Treasury Department Adviser Pleads Not Guilty in Leak Case
(Bloomberg) -- A Trump Administration crackdown on unauthorized leaks of confidential government information may just be getting started.
During the arraignment of a senior Treasury Department adviser Wednesday on charges that she gave a journalist confidential bank records about suspicious transactions, including some involving former Trump campaign officials Paul Manafort and Rick Gates, federal prosecutors indicated more charges may be filed within two to three months -- either against the adviser or other people.
“That is possible,” Assistant U.S. Attorney Kimberly Jane Ravener said in response to a question from U.S. District Judge Gregory H. Woods. “The investigation is continuing.”
Natalie Mayflower Sours Edwards, 40, of Quinton, Virginia, pleaded not guilty to making unauthorized disclosures of suspicious activity reports and conspiracy. Edwards had been in talks with prosecutors and waived her right to have her case presented to a grand jury, which often indicates that a defendant is about to plead guilty. But one of her attorneys, Jacob Kaplan, said outside the courtroom that there are no active discussions.
"Today’s not guilty plea is another step in Mrs. Edwards’s principled commitment to defend these charges," Kaplan and Marc Agnifilo, another of Edwards’s lawyers, said in a statement. "She is not the first person to be prosecuted for doing the right thing, and she is steadfast in seeing this matter to the end."
Edwards’s arrest in October signaled an escalation in a crackdown on unauthorized leaks to the news media. President Donald Trump has blasted leakers in his postings on Twitter, and a senior Treasury Department official said at the time of Edwards’s arrest that the charges indicated the government will prosecute violations of the Bank Secrecy Act involving disclosure of confidential information.
Edwards, a former adviser at the department’s Financial Crimes Information Network, or FinCEN, is accused of leaking Suspicious Activity Reports to a journalist from October 2017 until her arrest. Prosecutors didn’t identify the journalist or news organization, but articles cited in court papers were written by reporters at BuzzFeed.
Under the Bank Secrecy Act, financial institutions are required to report suspicious transactions, such as payments of more than $10,000 or those made to entities blacklisted by the department.
Prosecutors said Edwards began talking to the reporter in July 2017 and saved thousands of FinCEN files, leaking information about payments involving Manafort, the former Trump campaign chairman, as well as transactions linked to Gates, the campaign’s one-time deputy manager. The leaks also included information about Russia’s Prevezon Holdings Ltd., which was tied to money laundering, and Maria Butina, a Russian gun enthusiast who admitted to acting as an undisclosed agent.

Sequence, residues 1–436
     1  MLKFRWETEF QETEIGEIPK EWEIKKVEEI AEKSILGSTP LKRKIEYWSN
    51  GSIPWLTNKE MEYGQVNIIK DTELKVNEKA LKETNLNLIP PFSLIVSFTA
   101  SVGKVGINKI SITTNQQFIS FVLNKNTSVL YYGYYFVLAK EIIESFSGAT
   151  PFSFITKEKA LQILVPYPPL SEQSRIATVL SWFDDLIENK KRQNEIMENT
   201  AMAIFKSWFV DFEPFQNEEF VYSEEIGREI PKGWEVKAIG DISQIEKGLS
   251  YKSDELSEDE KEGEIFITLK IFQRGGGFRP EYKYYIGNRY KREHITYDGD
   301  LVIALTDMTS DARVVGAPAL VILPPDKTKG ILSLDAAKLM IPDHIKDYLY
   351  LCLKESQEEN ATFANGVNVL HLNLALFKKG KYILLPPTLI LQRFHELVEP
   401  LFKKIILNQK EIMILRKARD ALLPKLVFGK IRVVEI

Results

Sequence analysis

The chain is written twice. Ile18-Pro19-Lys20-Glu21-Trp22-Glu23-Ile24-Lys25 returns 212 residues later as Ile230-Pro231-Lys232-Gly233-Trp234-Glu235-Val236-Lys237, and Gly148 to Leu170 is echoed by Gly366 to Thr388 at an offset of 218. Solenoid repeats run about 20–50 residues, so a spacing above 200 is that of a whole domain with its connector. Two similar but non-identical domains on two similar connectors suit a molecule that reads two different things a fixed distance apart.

Edwards, who remains free on $100,000 bail, comes from a family of public servants and believes she was doing her "civic duty" when she leaked the documents, Agnifilo said after a court appearance in New York in November.
Prosecutors said she had a flash drive containing SARs, and a phone that contained encrypted communications with the reporter, when she was arrested and confessed to leaking the documents. She denied she knew the material would be published and claimed to have been a whistle-blower who provided the reports for record-keeping purposes.
The first person prosecuted by the administration for leaking, former government contractor Reality Winner, was accused of giving a top-secret report on Russian hacking to The Intercept. She pleaded guilty to unlawful retention and transmission of national defense information and was sentenced in August to more than five years in prison. Court filings have hinted that others may face charges, as prosecutors said that Edwards’s boss also communicated with the reporter.
Kaplan said that while the facts are not in dispute, the case is not "not as simple as the government makes it seem." He said an attractive plea offer may not even be enough to convince his client to avoid a trial.
“I’m not even sure that would do it,” Kaplan said. “We look forward to defending the case.”
The case is U.S. v Edwards, 18-mj-8861, U.S. District Court, Southern District of New York (Manhattan).
©2019 Bloomberg L.P.